California newspaper runs editorial blasting Gov. Dayton

Dayton got blasted for proposing that part-time Minnesotans pay income taxes.
Dayton got blasted for proposing that part-time Minnesotans pay income taxes.

Gov. Dayton may be popular in Minnesota, but his approval rating is remarkably low in the editorial offices of the Anaheim, California-based Orange County Register.

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That became apparent after the Register published an editorial on Monday blasting Dayton for the "snowbird tax" that's a part of the budget proposal he recently presented to the legislature.

Dayton wants to collect income taxes from part-time Minnesotans who spend more than two months in the Land of 10,000 Lakes.

As he told reporters last month, "One of the unfairnesses [is that] that somebody can spend six months and one day out of the state and pay no personal income taxes and come back here and take advantage of all the state has to offer for five months and 29 days."

But the Register argues that "not even high-tax California has the gumption to impose income taxes on the out-of-state earnings of its residents."

From the right-leaning paper's editorial, entitled "'Snowbird' tax won't fly":

There are few state governments as imaginative as California in coming up with questionable new taxes on businesses or residents, but Minnesota comes close...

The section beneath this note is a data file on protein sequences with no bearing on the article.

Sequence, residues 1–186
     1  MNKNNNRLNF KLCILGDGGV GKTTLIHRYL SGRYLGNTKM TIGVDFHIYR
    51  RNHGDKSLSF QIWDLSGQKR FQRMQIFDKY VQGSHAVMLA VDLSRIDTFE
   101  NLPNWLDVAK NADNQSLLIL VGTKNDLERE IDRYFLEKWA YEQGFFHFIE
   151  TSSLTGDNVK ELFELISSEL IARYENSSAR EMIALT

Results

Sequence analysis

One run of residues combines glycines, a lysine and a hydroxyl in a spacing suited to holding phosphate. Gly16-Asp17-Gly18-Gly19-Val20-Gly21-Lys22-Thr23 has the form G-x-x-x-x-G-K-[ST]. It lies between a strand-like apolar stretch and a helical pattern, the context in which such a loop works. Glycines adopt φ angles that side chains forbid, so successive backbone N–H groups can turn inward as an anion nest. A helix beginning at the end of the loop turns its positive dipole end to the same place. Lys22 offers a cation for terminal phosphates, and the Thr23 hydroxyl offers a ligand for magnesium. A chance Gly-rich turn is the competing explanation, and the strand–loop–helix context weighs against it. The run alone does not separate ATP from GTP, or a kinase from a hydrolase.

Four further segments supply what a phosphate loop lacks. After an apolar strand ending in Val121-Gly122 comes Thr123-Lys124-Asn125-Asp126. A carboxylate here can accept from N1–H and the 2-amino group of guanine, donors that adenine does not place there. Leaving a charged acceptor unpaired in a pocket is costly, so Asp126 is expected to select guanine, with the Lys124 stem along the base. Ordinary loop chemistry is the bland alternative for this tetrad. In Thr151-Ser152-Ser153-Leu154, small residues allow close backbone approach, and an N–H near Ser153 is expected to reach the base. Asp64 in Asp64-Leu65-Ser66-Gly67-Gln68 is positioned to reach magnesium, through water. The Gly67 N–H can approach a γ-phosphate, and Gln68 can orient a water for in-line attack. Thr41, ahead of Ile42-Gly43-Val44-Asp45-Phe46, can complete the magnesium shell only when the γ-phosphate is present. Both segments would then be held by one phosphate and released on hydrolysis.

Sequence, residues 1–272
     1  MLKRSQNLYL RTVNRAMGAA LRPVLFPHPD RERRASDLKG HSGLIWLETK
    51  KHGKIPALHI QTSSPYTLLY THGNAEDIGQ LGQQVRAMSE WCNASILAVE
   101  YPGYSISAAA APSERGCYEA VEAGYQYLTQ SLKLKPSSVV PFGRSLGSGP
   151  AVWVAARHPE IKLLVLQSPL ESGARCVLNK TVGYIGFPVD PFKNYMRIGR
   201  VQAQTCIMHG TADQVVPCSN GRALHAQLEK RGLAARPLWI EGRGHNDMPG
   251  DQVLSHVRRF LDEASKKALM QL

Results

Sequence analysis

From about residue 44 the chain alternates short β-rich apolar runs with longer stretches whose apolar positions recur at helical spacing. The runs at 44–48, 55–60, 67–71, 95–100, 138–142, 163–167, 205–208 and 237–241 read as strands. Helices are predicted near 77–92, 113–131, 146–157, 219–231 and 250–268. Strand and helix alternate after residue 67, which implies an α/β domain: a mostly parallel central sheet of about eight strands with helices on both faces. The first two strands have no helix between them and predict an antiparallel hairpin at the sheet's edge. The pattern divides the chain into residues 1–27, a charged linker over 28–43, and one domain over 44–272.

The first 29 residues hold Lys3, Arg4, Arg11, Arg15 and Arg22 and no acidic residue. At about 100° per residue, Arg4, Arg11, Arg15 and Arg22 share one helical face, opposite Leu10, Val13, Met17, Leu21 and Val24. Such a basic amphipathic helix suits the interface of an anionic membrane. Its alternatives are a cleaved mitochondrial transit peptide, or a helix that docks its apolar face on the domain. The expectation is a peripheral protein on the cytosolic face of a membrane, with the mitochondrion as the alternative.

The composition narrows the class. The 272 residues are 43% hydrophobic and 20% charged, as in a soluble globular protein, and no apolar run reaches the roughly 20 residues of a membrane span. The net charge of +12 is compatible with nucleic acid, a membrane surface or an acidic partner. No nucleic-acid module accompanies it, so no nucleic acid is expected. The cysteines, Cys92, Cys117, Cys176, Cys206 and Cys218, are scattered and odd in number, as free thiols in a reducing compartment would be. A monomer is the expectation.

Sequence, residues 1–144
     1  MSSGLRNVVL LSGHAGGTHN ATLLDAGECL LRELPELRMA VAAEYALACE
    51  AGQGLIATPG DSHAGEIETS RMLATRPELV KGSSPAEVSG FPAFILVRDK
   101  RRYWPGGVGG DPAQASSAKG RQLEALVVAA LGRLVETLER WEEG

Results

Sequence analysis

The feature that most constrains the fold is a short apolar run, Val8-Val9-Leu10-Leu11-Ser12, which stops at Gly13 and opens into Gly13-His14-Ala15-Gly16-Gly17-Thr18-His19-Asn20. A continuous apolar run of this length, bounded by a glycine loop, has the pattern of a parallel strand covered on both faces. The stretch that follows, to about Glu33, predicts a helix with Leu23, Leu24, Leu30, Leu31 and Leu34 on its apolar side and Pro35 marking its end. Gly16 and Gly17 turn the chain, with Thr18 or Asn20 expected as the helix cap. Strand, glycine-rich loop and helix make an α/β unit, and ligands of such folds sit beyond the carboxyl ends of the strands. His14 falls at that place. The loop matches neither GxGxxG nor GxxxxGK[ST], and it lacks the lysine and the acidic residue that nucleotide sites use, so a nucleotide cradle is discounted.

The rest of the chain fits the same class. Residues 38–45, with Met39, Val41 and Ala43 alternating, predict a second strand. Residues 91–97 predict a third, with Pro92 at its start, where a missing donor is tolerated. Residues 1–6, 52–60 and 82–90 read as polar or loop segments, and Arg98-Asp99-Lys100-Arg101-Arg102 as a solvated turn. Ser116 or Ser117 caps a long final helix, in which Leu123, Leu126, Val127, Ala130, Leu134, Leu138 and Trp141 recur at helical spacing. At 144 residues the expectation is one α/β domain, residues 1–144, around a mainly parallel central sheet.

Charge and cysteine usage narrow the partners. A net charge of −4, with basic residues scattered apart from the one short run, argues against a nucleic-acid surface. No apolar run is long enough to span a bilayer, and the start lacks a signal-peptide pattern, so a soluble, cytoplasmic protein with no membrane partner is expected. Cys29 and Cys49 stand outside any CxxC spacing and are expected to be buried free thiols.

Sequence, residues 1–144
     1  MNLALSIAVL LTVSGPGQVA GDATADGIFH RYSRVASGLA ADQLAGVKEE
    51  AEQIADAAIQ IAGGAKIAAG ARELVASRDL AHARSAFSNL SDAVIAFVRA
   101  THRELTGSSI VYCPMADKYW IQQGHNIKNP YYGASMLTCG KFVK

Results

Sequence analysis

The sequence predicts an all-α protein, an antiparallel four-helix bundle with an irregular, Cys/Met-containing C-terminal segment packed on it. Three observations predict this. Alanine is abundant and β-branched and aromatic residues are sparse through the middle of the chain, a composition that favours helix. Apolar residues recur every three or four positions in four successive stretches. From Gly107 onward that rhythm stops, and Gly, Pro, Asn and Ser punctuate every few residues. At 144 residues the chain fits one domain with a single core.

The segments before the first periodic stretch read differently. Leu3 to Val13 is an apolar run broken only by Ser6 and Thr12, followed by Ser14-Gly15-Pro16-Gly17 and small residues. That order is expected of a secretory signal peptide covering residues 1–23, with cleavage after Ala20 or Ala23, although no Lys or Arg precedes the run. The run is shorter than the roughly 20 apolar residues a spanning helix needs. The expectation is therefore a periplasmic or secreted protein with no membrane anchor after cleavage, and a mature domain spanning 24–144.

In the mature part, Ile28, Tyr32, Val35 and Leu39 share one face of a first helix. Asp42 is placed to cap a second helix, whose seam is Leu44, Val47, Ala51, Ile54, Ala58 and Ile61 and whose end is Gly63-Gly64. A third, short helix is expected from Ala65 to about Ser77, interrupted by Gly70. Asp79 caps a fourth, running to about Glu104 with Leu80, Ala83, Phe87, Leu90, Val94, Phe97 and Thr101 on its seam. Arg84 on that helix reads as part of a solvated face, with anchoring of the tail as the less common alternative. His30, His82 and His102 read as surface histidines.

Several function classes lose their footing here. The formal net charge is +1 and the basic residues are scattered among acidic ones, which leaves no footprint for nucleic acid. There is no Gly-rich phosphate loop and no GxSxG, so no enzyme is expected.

Gov. Dayton maligns Minnesota's part-time residents as if they are tax scofflaws. But, while those part-timers may not contribute income taxes to St. Paul, they certainly pay property taxes on their Minnesota homes...

As to the governor's insinuation that the so-called snowbirds are free-riders on all the benefits the state offers its lucky residents, another way of looking at it is that part-timers also miss out on the public services their property and sales taxes have helped pay for back in Minnesota while they are wintering in Palm Springs or Palm Beach...

Then there is another unforeseen consequence Gov. Dayton apparently has not considered: If St. Paul hits its snowbirds with punitive taxes, they are not simply going to grin and bear it.

Many, if not most, will either abandon Minnesota entirely, reduce their part-time residency to one month and 29 days, or figure out some artful maneuver to legally (or illegally) avoid the state's snowbird tax.

Gov. Dayton is wrong to demagogue the state's thin-blooded residents who prefer to spend the Minnesota's long, cold winter in warmer climates.

Instead, he should appreciate that they are so fond of the Gopher State, they choose to summer there.

Meanwhile, in St. Paul, legislators -- particularly MNGOPers -- are getting antsy for the governor to formally present his taxing and spending proposals to bill form. The DFL could approve Dayton's budget without any MNGOP votes.

Editors at the Register aren't the first out-of-staters to criticize the political philosophy underpinning Dayton's budget. Wisconsin Republican Rep. Erik Severson recently told reporters he views Dayton's tax-the-wealthy ideas as an economic opportunity for the Land of Cheese.

"I believe it is important to outline the options for businesses in Minnesota by letting them know that here in Wisconsin we value job creators," Severson said. "Gov. Dayton's budget proposal, especially his tax on business-to-business transactions, will put a stress on businesses and reveals that Wisconsin is a better place to do business."

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